Everything starts somewhere. Girly Curl punctuates my career and starts a chain of challenges I shall never finish. But what
Fear, I guess. Fear of being like everyone else.
I spent over a decade paying my dues with clay and wax and figures big and small. I studied Rodin. Rodin studied Michelangelo, learning from his stalking horse and then creating like never before. At first, I wanted to be like Rodin, the sculptor genius who changed sculpture forever, not a bad goal I figured. But I figured wrong.
Trumpeter Miles Davis said, “It takes a long time to sound like yourself.” True for music and true for any art. I knew how to copy others’ style but I didn’t have my own style. In my 200 some-odd books on art, maybe three are actually on art and the others are on art technique. One in particular blasts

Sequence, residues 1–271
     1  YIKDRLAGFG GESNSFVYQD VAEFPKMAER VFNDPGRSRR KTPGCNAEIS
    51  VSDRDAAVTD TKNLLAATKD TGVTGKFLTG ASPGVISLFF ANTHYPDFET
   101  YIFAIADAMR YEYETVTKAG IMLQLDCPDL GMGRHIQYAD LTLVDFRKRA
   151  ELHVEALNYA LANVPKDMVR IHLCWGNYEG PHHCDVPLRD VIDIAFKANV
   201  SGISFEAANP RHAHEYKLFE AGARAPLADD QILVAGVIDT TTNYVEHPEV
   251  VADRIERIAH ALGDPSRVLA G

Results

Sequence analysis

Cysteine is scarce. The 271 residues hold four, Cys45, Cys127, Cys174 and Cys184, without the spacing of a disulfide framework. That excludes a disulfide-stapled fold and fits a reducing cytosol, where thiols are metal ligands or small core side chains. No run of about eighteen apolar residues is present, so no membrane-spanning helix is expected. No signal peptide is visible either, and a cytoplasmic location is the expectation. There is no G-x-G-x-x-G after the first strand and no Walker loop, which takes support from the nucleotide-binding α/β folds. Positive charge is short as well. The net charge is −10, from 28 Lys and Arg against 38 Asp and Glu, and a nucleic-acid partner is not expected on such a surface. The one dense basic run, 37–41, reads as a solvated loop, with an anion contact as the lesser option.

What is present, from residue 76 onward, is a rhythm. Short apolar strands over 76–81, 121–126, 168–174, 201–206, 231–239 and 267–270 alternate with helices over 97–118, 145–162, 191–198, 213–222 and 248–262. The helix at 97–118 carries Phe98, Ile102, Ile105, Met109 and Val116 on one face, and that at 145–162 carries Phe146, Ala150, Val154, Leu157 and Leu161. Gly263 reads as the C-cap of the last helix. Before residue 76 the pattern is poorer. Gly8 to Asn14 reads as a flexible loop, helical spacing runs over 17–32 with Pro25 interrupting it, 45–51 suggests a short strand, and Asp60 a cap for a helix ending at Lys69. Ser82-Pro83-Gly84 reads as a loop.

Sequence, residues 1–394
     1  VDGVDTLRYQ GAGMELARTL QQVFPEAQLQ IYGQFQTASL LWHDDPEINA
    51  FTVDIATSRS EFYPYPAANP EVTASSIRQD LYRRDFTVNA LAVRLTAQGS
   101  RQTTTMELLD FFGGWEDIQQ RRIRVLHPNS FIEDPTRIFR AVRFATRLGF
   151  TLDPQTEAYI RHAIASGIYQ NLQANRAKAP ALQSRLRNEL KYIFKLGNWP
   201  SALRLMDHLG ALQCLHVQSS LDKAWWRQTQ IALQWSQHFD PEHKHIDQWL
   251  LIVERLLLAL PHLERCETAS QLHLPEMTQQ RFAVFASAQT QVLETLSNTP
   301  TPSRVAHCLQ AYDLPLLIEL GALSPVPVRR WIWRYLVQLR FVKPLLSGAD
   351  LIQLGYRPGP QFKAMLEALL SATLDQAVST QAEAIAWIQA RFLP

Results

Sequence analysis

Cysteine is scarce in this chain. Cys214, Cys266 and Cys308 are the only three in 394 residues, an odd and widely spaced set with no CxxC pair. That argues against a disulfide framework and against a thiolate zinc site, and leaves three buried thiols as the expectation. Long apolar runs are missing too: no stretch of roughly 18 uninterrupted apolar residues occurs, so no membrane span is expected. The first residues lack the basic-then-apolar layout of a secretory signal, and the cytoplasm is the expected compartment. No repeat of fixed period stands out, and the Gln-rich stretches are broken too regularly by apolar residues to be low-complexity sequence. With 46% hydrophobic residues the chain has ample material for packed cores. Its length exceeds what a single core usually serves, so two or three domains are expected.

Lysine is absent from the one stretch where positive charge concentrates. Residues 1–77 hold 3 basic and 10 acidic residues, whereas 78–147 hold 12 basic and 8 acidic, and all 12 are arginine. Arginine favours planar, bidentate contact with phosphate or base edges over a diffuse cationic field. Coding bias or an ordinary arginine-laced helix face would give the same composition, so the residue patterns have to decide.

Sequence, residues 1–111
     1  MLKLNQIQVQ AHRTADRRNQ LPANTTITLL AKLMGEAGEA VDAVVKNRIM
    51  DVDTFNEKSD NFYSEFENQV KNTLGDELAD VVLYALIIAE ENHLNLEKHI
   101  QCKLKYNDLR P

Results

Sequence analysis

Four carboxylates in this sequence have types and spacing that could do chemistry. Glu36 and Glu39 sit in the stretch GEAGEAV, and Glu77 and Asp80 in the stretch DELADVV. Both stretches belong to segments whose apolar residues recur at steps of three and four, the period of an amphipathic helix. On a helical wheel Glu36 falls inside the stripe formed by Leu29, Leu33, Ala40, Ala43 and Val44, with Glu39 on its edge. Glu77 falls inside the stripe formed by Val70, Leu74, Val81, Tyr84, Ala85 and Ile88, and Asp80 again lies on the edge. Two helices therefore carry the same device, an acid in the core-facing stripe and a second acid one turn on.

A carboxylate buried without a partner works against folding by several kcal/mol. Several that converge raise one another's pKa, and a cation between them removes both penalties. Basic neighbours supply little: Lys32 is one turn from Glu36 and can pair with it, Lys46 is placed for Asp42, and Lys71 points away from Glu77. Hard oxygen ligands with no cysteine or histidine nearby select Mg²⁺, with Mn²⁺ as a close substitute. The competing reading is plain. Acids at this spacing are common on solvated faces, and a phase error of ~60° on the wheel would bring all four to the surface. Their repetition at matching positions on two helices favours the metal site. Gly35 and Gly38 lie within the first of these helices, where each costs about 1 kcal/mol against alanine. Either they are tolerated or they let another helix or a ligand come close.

“second-hand art” —art like everyone else’s—art that has been done before. So I set out to sound like myself, not Rodin.
First, I had to dig down to find that kernel which most motivated me, that element creating the magnet. It took a while, but finally, I hit it.
Communication of emotion from a human form. Gesture energizes the sculpture and energizes me. Everything I now make has to stand the test of gesture. Girly Curl simply turns for her gesture. The head, the torso, the hips and the foot each point their own direction, then the symmetrical doppelgänger does the same. Gesture twice!
So many elements, the white color, the flowing shape, the negative space, all came together to tell me I was on the right road—alone—but on the right road.
2015-Sculpture Sioux Falls, Sioux Falls, South Dakota
2014-Permanent collection, Lafayette, Colorado
2017- Permanent collection Vogel Schwartz Sculpture Garden, Little Rock, Arkansas
Private collections-Loveland & Boulder, Colorado, Las Cruces, New Mexico, Palm Desert & Indian Wells, California
Medium: White Bronze
Height: 11 or 36 inches
Base: 4 or 8 inch black granite